Ring Lardner students participate in ‘Reality Store’ to learn about budgeting

NILES — Balancing a budget can take some careful planning.  Ring Lardner students in the seventh and eighth grade learned all about this skill Friday, during a budget simulation project called the “Reality Store.”

Similar to the board game “Life” students were randomly assigned a career, given a monthly salary and tasked with paying an assortment of bills from groceries, utilities and insurance to student loans and child care.

The project was organized by teacher Sherry Lockwood, who said she wanted to teach students about balancing a budget. 

“What we are hoping that they learn is that the choices they make now will affect their future when they are 28 to 30 and on up,” Lockwood said. “I especially wanted to target the eighth-graders because they are going to high school and that’s where those decisions can start counting.”

Around the Ring Lardner gym, more than a dozen stations awaited students’ navigation. Students had to pick a house and car, where sales people tried to convince them to buy something bigger, better and out of their budget range.

“We wanted to give them that taste of real life and show them that they need to be in charge of making their own decisions and not let someone talk them into something,” Lockwood said.

In addition to bill booths, students also passed through a category called “Fate” where they drew randomly from a bucket. Based upon that drawing, they had to deal with unexpected scenarios like their car breaking down, getting a speeding ticket, cavity or other unwanted and likely costly incident.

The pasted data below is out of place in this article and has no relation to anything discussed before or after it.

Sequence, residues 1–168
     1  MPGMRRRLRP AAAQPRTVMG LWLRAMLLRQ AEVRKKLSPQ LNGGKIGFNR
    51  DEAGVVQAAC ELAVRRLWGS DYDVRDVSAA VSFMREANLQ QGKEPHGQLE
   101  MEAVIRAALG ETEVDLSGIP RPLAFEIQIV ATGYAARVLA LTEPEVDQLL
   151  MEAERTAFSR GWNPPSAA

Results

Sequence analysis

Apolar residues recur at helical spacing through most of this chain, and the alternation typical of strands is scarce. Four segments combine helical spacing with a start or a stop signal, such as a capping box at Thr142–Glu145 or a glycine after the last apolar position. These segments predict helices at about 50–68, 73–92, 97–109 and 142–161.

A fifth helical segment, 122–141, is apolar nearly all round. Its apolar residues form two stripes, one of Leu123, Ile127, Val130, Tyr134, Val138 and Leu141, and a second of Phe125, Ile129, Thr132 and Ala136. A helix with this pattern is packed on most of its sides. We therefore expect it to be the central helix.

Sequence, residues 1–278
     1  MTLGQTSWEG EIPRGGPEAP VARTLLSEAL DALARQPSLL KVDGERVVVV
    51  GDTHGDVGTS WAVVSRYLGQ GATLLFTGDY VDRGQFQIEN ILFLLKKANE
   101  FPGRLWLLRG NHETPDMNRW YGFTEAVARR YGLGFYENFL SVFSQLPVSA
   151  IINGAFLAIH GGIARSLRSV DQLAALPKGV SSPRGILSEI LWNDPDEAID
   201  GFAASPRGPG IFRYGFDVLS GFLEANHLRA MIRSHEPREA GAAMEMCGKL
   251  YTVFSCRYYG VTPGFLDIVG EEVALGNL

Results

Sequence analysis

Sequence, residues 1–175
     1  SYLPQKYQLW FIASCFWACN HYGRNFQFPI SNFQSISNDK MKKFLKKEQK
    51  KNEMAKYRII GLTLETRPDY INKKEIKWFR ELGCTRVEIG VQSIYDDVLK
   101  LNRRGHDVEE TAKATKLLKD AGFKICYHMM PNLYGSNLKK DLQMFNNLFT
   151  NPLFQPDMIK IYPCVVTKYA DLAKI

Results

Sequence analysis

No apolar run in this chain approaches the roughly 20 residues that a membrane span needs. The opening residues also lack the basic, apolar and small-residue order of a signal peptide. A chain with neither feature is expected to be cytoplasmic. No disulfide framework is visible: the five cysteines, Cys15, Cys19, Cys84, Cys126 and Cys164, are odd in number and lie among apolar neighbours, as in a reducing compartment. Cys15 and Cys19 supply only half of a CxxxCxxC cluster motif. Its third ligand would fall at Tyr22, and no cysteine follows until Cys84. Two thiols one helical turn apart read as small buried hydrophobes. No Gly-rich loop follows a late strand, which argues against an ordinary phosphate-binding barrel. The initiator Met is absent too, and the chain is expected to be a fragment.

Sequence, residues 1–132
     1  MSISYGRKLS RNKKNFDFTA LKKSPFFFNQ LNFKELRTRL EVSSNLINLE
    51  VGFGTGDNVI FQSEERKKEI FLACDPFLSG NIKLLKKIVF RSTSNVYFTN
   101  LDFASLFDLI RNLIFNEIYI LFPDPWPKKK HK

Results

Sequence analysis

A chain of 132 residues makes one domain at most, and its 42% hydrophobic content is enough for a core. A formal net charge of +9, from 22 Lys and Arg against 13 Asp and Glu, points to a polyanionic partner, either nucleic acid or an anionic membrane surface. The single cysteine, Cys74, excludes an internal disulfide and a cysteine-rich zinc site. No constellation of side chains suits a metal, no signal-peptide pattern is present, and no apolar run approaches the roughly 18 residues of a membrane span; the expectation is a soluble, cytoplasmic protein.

If students maxed out their finances, they reported to a help desk, where a volunteer helped them to go over their bills and made suggestions for how they could slim back their expenses.

“Maybe you need to buy a bus pass instead of a car or cheaper food,” Lockwood said. “And you don’t get [to spend money] on entertainment, unless you have money left.”

For many of the students, balancing a budget with various bills while trying to take care of their family proved interesting and challenging.

“Money goes by fast,” said eighth-grader Darius Nickens. 

Nickens was assigned the job of loan officer and earned $5,557 a month.

“Don’t have kids young and worry about college,” Nickens said of the lessons he had learned Friday.

Across the gym, eighth-grader Eva Shepherd calculated her grocery expenditures. Shepherd was assigned to the career of military personnel and said she thought the exercise was fun, but challenging.

“[I realized] that getting a car is so much more than a car,” Shepherd said. “You have to buy gas and insurance.”

For Chloe Searfoss, an eighth-grader, not giving into the temptation to buy a bigger house and car helped her to save money. In the end, Searfoss said she was able to donate money to charity — yet another booth where students could contribute money.

“It taught me about saving,” Searfoss said of the exercise. “I was most surprised about the cost of insurance. I paid $75 a month. I think this was a really good experience for all of us.”

Lockwood said before students started the bills, they discussed what bills they thought their parents had to pay. After they completed the exercise in the gym, Lockwood said students reconvened to talk about the experience and what they learned.

A Niles Education Foundation grant for $1,000 covered the cost of the project.

“It just seemed like a really good interactive and hands on way for students to learn about budgeting,” Lockwood said. “And learn that the classes and career path they take affects their lifestyle, without teachers just telling them.”

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